Patients need patience

A decade after voters started approving medical marijuana, Congress still hasn’t gotten the message

This Mount Rushmore lineup of Democratic presidential candidates took place in Carson City in June. Every one of these candidates except Mike Gravel supports ending federal medical marijuana raids, and Gravel favors making marijuana legal.

This Mount Rushmore lineup of Democratic presidential candidates took place in Carson City in June. Every one of these candidates except Mike Gravel supports ending federal medical marijuana raids, and Gravel favors making marijuana legal.

Photo By Jean Dixon

Nevada voters may have voted for medical marijuana, but that doesn’t mean that law enforcement is willing to make it easy for them, nor are the politicians who set federal policy.

At this point, the greatest hope patients and their physicians have is next year’s presidential election, which could bring into office a candidate willing to stop law enforcement raids on health care use of marijuana. And for Nevadans, the best way to affect that decision is in the January presidential caucuses in which most candidates have pledged to stop the raids.

Nevada radio personality Travus Hipp of Silver City was arrested last month on pot charges although he has a California-issued medical marijuana card. A search of his home turned up 4 ounces of marijuana and 3 ounces of peyote.

On July 29, a vote was held in the U.S. House of Representatives on whether to tell federal agents and prosecutors to knock off harassment of patients in 12 states that have approved medical marijuana by cutting off money for such raids.

Nevada House members Shelley Berkley and Jon Porter voted for it. Dean Heller voted against it.

The measure failed, 165-262, nearly identical to a similar vote last year of 163-259.

It was the best showing the measure has received but still a long way from victory. Worse for proponents, it showed little growth in strength, even with the Democratic takeover of the House.

The amendment, designed to protect patients who use medical marijuana in accordance with state law from federal prosecution, was sponsored by Republican Dana Rohrabacher of California and Democrat Maurice Hinchey of New York.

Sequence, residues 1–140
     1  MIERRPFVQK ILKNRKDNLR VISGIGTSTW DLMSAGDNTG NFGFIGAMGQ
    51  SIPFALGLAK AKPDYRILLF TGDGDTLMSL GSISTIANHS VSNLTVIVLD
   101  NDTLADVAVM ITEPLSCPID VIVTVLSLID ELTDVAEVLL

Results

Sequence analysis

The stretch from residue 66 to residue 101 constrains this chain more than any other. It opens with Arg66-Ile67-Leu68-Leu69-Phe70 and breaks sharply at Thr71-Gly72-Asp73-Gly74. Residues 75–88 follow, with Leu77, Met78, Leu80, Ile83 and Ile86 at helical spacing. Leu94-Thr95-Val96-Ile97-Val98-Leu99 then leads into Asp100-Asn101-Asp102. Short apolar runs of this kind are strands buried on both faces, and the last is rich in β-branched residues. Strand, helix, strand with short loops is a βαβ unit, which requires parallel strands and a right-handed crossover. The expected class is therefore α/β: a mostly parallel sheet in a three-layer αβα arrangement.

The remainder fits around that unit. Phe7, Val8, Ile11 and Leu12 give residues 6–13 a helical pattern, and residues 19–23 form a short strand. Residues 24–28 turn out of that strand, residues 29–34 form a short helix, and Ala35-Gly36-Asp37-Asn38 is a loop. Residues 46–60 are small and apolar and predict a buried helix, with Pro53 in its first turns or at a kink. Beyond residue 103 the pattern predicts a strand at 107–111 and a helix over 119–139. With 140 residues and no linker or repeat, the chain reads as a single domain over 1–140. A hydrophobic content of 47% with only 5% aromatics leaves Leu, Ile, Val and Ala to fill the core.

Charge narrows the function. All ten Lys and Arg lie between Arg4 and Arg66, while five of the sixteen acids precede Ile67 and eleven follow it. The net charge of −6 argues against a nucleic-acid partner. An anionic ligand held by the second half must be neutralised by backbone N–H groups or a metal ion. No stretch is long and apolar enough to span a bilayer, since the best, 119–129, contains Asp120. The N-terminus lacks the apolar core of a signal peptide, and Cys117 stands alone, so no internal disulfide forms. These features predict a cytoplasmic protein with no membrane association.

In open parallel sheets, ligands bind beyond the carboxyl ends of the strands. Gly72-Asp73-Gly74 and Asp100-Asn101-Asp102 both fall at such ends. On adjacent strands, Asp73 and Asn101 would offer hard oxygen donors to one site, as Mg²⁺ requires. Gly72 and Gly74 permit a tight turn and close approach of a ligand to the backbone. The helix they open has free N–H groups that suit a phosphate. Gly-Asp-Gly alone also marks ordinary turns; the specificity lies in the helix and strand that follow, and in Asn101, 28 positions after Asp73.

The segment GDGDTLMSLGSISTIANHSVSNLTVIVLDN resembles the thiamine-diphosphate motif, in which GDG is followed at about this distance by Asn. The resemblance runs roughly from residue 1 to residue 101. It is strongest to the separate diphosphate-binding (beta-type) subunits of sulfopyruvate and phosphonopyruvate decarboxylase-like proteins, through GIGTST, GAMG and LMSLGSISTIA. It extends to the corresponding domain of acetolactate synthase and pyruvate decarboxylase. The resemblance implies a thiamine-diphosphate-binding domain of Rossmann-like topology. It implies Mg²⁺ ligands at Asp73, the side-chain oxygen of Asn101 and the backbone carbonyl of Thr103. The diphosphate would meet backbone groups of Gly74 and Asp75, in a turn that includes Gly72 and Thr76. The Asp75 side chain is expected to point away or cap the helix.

None of the Nevada representatives spoke during the floor debate.

Internet campaign
The vote was the subject of a great deal of online organizing and campaigning, with groups like the Drug Reform Coordination Network (DRCN) and the Drug Policy Alliance getting their constituencies to pressure their House members to vote for the Hinchey amendment.

But it has failed to crack the barrier to being a national news story. Of the news services, only Reuters covered the story and newspaper coverage tended to be concentrated in the states that have made medical marijuana legal under state law.

In a prepared statement after the vote, Hinchey said, “It is unconscionable to me that the federal government would seek to not only deny, but arrest and prosecute, medical marijuana patients who are using the drug in accordance with state law to relieve pain and nausea associated with debilitating illnesses such as cancer, AIDS and multiple sclerosis. What we tried to do on the House floor tonight was protect those patients and their doctors from unfair and inhumane efforts by the federal government to deny them the medicine they need.”

DRCN posted a message on its website: “Don’t look to the Democratically-controlled Congress to protect you, patients!” Seventy-nine of the votes against the amendment were Democratic. An analysis by Jon Gettman of showed that members of the House from medical marijuana-supporting states voted heavily in favor of the Hinchey amendment.